Scientists from Singapore's Institute of Materials Research and Engineering (IMRE) and National University of Singapore (NUS) have created a new chemical method that enables the development of a variety of tiny light conducting metal-semiconductor contacts. These light-sensitive nano-sized components could help create bioimaging labels as well as better photocatalysts used in fuel cells.
Neutron analysis of the atomic dynamics behind thermal conductivity is helping scientists at the Department of Energy's Oak Ridge National Laboratory gain a deeper understanding of how thermoelectric materials work. The analysis could spur the development of a broader range of products with the capability to transform heat to electricity.
An unusual observation turned into a scientific breakthrough when K.U.Leuven researchers investigating the optical properties of nanomaterials discovered that so-called surface plasmons leave imprints on the surface of the nanostructures. This leads to a new type of high resolution microscopy for imaging the electric fields of nanostructures.
Imagine plugging a USB port into a sheet of paper, and turning it into a tablet computer. It might be a stretch, but ideas like this have researchers at North Carolina State University examining the use of conductive nanocoatings on simple textiles - like woven cotton or even a sheet of paper.
Researchers from the University of Hull have discovered a way to load up nanoparticles with large numbers of light-sensitive molecules to create a more effective form of photodynamic therapy (PDT) for treating cancer.
The graphene research team, led by Professor Kian Ping Loh at the National University of Singapore, invented an ultra-slim broadband polarizer that uses graphene, a single-atomic-layer crystallized carbon, to convert light beam into polarized light.
The work of University of Technology Sydney (UTS) forensic science researcher Dr Xanthe Spindler has made an important step towards recovering usable fingerprints from old evidence and surfaces long considered too difficult by crime scene investigators.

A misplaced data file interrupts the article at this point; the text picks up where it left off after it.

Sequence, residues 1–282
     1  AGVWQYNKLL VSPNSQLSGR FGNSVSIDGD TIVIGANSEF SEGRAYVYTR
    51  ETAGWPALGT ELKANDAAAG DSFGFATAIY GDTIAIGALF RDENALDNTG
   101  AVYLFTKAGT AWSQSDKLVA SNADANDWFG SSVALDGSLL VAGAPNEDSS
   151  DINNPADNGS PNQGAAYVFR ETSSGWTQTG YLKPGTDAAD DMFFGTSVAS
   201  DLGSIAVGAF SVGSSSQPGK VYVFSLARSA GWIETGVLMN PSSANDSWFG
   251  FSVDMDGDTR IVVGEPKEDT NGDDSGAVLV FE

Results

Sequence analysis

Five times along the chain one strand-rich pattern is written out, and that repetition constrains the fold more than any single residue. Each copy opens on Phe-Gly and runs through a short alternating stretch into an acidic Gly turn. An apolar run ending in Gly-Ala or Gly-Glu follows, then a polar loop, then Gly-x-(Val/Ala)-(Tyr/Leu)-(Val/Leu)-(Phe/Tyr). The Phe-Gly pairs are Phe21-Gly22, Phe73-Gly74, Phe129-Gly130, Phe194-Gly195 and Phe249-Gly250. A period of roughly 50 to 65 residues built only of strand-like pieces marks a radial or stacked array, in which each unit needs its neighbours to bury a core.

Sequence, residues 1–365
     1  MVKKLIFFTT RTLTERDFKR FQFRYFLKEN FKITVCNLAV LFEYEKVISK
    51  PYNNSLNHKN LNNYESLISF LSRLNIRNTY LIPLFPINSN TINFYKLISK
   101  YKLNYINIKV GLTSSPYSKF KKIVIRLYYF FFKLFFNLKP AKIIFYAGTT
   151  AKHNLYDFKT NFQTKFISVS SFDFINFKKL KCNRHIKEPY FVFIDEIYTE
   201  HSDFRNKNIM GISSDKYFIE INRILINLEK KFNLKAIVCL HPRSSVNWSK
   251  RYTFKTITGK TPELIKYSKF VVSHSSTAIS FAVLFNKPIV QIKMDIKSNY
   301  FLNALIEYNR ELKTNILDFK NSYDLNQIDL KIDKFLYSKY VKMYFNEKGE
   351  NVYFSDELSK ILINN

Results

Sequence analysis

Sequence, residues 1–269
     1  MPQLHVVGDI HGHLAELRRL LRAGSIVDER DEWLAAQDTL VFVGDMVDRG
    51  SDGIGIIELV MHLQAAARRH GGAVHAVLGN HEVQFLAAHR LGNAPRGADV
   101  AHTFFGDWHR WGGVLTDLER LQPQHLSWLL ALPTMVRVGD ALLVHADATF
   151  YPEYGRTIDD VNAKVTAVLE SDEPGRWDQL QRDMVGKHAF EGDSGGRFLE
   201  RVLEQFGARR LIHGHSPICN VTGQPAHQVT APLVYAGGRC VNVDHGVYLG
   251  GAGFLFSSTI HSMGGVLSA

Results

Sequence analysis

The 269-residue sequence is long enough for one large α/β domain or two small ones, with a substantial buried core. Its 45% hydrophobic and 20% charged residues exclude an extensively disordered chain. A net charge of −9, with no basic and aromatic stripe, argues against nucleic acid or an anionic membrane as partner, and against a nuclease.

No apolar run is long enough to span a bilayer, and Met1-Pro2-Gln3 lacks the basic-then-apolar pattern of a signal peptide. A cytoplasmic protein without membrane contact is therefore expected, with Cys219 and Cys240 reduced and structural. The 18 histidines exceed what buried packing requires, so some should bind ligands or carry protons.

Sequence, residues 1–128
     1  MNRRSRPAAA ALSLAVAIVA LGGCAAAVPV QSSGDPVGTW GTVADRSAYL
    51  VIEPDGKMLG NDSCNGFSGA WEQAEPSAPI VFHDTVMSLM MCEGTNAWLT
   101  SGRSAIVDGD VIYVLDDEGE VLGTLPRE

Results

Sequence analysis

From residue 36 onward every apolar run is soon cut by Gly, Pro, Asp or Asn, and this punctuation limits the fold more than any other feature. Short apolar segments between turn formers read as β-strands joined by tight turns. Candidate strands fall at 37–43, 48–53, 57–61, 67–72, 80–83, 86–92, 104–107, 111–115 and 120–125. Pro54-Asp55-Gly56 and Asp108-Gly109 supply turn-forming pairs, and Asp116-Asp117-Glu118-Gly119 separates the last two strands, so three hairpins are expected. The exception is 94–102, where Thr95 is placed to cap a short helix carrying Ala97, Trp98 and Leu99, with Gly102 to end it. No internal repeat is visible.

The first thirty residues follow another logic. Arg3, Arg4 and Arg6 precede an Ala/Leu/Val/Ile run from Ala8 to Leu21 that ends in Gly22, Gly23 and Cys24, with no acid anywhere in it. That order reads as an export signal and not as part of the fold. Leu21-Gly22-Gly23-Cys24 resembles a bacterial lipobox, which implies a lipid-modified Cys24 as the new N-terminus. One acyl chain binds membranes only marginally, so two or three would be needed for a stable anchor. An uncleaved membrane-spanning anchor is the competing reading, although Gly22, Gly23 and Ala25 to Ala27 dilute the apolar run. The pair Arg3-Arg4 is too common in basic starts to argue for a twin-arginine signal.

How do solar cells convert sunlight into electricity? If you are new to solar cells, here is a great introductory video from the VegaScience Trust's great Instructional Science and Engineering Videos series by Jonathan Hare.
The heart of a scanning probe microscope is a moveable, suspended tip, which, like the needle on a record player, reacts to small height variations on the surface, and turns these into signals that can be displayed on a computer. Researchers have now been able to create this tip, not out of solid material, as in the case of the record player, but out of an ultra-cold, dilute gas of atoms. To do this, they cooled an especially pure gas of rubidium atoms to a temperature less than a millionth of a degree above absolute zero temperature, and stored the atoms in a magnetic trap. This 'quantum tip' can be precisely positioned and enables the probing of nanostructured surfaces.
A radically new approach to the design of batteries, developed by researchers at MIT, could provide a lightweight and inexpensive alternative to existing batteries for electric vehicles and the power grid. The technology could even make 'refueling' such batteries as quick and easy as pumping gas into a conventional car.